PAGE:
- Ghosts of the Past: Bones of Meadows Town has an evidence board in the police station.
- A holographic version in the Lancers war room in this scene Project 0.
- Parodied in Casey and Andy, where J.J.'s whiteboard always appears whenever she needs its assistance with some exposition.
- This ability is likely genetic in nature, since Quantum Cop has his chalkboard, which appears whenever he needs to explain physics.
- Two versions of a Big Board show up in Erfworld. Stanley has a tactical table with real-time intelligence and images generated by his linked casters; Ansom uses a more prosaic map-and-counters representation of his available intel.
- In this Order of the Stick comic, Vaarsuvius explains why there will be no more random encounters that day, using a chalkboard that just happens to be there.
- Girl Genius: Castle Wulfenbach has one here, as does Castle Heterodyne (seen here when the map was still damaged, and here after some repairs are made).
- Used in the Sebben and Sebben training film in Harvey Birdman, Attorney at Law. "...is so much more. More potent, powerful and frightening." Cue picture of globe with markers all over it.
- Many of Dr. Drakken's lairs in Kim Possible feature one of these, as does Global Justice headquarters.
- Wile E. Coyote of Looney Tunes likes to use a chalkboard to plan his Road Runner traps.
- Napoleon Bonaparte uses a table-mounted map to plot military strategy in the Bugs Bunny cartoon Napoleon Bunny-part. He sees Bugs on it later:
Bugs: Hey, Nappy! This has Scrabble beat a mile. You oughta patent it!
- In The Nightmare Before Christmas, Jack Skellington uses a big chalkboard while trying to figure out the "formula" for Christmas.
- Pinky and the Brain once had an episode where Brain creates his own country, and the U.S. tries to go to war with it. Cut to a scene between the President and the Military H.Q.:
President: General, where exactly is Brainania?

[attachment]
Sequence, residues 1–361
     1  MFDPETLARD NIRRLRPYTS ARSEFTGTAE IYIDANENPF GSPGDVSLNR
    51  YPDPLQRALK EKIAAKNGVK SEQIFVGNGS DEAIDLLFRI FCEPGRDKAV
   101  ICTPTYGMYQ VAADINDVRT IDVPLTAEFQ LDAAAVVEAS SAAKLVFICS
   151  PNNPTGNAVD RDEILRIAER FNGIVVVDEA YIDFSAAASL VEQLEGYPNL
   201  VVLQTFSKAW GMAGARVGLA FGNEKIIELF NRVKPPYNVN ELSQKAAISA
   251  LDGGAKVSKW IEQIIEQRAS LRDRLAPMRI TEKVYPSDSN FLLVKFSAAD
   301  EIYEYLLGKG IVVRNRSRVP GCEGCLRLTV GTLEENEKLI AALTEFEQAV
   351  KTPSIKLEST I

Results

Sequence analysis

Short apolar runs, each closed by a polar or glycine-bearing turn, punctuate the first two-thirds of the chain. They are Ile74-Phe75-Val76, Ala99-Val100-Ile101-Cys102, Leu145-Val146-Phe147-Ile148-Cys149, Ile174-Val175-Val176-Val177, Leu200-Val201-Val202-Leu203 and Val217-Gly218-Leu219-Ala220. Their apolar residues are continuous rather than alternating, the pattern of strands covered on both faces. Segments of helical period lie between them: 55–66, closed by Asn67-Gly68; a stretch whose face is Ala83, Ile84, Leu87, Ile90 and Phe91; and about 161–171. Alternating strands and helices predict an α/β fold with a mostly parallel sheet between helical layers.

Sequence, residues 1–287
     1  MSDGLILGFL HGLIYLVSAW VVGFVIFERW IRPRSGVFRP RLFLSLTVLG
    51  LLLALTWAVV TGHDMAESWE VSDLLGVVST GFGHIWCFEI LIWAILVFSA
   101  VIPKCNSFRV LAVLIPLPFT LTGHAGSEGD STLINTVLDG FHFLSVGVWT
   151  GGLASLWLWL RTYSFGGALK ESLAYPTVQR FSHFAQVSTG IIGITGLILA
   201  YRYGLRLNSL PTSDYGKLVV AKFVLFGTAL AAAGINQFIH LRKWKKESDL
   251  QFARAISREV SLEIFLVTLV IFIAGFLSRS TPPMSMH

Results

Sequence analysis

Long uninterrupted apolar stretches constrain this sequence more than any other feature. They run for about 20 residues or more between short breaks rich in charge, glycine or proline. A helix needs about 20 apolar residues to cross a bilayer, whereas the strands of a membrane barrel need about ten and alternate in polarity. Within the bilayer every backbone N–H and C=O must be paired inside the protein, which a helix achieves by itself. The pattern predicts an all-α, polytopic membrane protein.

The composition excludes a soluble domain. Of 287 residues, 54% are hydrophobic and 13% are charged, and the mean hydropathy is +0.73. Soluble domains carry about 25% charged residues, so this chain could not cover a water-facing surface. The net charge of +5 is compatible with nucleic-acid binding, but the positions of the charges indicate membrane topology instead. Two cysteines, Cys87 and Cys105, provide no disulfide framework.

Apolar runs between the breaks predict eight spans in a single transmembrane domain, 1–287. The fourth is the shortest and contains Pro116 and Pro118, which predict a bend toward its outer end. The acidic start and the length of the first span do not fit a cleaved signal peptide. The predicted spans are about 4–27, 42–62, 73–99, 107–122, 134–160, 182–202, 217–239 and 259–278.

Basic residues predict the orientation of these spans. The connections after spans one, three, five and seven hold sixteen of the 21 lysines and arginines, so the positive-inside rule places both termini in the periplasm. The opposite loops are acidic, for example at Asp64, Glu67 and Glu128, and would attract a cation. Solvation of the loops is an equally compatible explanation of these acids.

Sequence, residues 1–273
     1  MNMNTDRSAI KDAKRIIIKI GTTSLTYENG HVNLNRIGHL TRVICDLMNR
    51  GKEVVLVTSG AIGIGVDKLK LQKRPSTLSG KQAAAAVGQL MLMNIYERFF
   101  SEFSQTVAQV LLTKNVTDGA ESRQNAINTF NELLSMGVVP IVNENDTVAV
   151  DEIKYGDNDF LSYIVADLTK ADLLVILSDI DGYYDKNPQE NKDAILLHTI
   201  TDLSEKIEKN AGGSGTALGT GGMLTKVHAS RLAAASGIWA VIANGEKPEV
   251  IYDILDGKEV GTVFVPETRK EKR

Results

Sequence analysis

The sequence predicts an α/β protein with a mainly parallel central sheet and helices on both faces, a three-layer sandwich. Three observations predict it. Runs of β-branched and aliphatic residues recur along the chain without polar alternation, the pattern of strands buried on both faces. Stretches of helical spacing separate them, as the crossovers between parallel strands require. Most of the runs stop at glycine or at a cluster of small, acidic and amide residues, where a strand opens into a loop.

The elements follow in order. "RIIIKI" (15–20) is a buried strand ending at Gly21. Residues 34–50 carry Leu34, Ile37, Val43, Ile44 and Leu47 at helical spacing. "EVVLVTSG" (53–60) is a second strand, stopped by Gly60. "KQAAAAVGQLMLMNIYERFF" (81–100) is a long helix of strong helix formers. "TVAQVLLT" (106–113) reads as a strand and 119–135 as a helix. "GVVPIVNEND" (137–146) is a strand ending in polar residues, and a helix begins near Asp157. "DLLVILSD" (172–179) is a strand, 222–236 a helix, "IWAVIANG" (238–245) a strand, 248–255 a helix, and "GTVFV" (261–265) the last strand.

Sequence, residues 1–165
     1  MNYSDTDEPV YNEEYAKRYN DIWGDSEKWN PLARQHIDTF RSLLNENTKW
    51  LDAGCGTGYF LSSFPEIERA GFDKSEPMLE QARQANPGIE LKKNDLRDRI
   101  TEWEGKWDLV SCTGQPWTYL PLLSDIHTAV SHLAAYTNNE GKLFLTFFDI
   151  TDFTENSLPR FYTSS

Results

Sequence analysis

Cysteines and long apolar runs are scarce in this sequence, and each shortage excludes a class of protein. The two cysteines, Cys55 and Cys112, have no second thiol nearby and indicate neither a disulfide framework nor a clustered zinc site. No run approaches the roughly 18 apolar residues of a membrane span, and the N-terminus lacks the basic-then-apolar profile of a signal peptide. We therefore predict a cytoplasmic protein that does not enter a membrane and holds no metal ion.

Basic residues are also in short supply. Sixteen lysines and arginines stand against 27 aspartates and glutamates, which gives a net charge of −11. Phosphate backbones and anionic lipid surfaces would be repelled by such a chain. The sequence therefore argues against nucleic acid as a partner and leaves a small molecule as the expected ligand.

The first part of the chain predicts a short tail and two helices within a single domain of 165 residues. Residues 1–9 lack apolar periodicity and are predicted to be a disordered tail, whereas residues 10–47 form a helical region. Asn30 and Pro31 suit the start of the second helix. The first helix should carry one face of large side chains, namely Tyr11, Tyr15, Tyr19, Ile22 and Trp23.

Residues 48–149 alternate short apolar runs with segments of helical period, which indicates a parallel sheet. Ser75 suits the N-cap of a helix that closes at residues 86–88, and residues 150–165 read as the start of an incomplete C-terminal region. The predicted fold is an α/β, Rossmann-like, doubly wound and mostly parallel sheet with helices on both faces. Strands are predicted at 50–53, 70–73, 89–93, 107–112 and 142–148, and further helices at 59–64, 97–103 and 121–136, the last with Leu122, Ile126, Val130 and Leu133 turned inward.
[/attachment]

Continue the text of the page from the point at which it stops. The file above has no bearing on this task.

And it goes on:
It's uh...on The Big Board
? (Gestures at said big board.)
- In The Simpsons episode where Homer goes to space, NASA (naturally) has this:
Assistant: Sir, the TV ratings for the launch are the highest in ten years.
Commander: And how's the spacecraft doing?
Assistant: I dunno. All this equipment is just used to measure TV ratings.
- In a first-season episode of Super Friends, Batman and Robin used an anagram board to identify the author of a message attributed to "Roy LaPost".
- In Teen Titans, when someone stole the Red X suit and identity, the Titans wrote their attempts to figure out who had done it on a whiteboard. This allows them to sneak in a Mythology Gag, as one of the names is Jason Todd.
- In Tennessee Tuxedo And His Tales, Mr. Whoopee explained the conundrum of the week using a collapsible animated chalkboard he called the "Three Dimensional Blackboard", or 3DBB.
- Almost any depiction of Fighter Command in the Battle of Britain during World War II will have this, as it is Truth in Television. Usually women were in charge of moving the model planes around, as women were often put into those kinds of jobs.
- This role carried on into the 1950s- Kelvedon Hatch bunker originally serving that purpose until it became a Regional Government Centre.
- The Map Room in Churchill's Cabinet War Rooms fits the definition here.
- The Cold War Operations Room at the RAF Air Defense Radar Museum, Neatishead, Norfolk has a pretty impressive "Big Board". This was in use until 1993 tracking Russian bombers and looking out for ICBMs, but closed when operations were moved to a new facility on the same site, and re-opened as a museum. Other parts of the site depict Fighter Command control rooms from World War II, as was originally on the site.
- Strategic Air Command HQ owned the Trope Namer; they called their Big Board the Big Board. Shown in great detail in USAF film "Power of Decision". It's so big they use forklifts to reach the upper sections.
- Most fictional football analysis, and many instances of real football analysis, will use this. For some of the Real Life instances, the TV screen itself is the whiteboard - the sketching is done directly over the footage, meaning a transparent "board." (The miracles of Blue Screens...)
- ESPN Draft Analyst Mel Kiper calls his list of the best draft prospects "The Big Board." He probably doesn't have a physical board in his office, funny as that would be, but we see the various lists on screen quite often.
- Similarly, all TV weather maps worth their salt fall under this trope.
- These days, TV weather maps are all computerized, but they used to be literal big boards with weather patterns drawn on them. The most distinctive example was developed by weatherman Ira Joe Fisher, who worked in Cincinnati local news for years before moving to a national morning-news show. His trademark and gimmick was a transparent weather board that he stood behind, effortlessly writing backwards on it (which was forwards to the audience) to draw weather patterns, write the forecast, and top it off with a daily cartoon.